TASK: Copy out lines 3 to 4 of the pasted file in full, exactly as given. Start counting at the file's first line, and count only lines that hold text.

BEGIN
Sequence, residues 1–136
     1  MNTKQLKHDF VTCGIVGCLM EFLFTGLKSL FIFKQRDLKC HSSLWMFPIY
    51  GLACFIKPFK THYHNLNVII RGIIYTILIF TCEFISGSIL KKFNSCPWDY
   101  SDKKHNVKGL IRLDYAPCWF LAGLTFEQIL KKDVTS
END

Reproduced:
    51  GLACFIKPFK THYHNLNVII RGIIYTILIF TCEFISGSIL KKFNSCPWDY
   101  SDKKHNVKGL IRLDYAPCWF LAGLTFEQIL KKDVTS